Our resident science guy, Dan Souza, has been hard at work launching the website for our newest brand, Cook’s Science (of which he, along with Molly Birnbaum, is the executive editor), and writing and editing the latest Cook’s Science cookbook (the follow-up to last year's New York Times bestseller The Science of Good Cooking). I caught up with Dan to discuss the first time he made fresh pasta, his love of seafood, and the responsibilities that come along with being an executive editor.
Is there a moment you can pinpoint when you knew you were into food?
I remember I was making fresh pasta. (Editor's note: Dan has long since mastered fresh pasta—watch him make our groundbreaking recipe for fresh pasta without a machine.) I think it was a Jamie Oliver Naked Chef recipe or something, and I just thought it was awesome that I could make something that I didn’t realize you could make at home. I didn’t grow up with an Italian grandmother who could make all those things, so it was kind of eye opening for me. And I loved how special it could be. It was a very simple thing, came from simple ingredients, but you could turn it into something really, really interesting. It was terrible pasta the first time I made it—it was way too thick and it didn’t cook well. But it was one of those experiences where you’re like, “Oh, there’s more to it than I thought.”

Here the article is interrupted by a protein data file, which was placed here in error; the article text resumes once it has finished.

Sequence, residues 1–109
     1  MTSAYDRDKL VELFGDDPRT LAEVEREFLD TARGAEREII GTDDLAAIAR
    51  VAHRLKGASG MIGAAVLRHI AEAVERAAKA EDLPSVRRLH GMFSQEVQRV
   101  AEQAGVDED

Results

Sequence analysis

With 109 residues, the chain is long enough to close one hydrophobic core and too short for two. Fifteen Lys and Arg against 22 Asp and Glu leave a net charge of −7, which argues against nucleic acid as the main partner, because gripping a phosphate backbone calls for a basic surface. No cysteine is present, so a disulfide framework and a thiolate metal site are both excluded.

What’s your favorite thing to cook?
I'm a big seafood person. It comes to me from both sides—my mom’s side of the family is from Maine, and my dad’s side is from Portugal, and so there are these two really strong seafood cultures that really influenced me a lot when I was younger. So if I’m cooking seafood, I’m happy. I love to grill whole fish or make ceviche, and I love to preserve a lot, so I make gravlax. Basically, if it comes from the ocean I love it.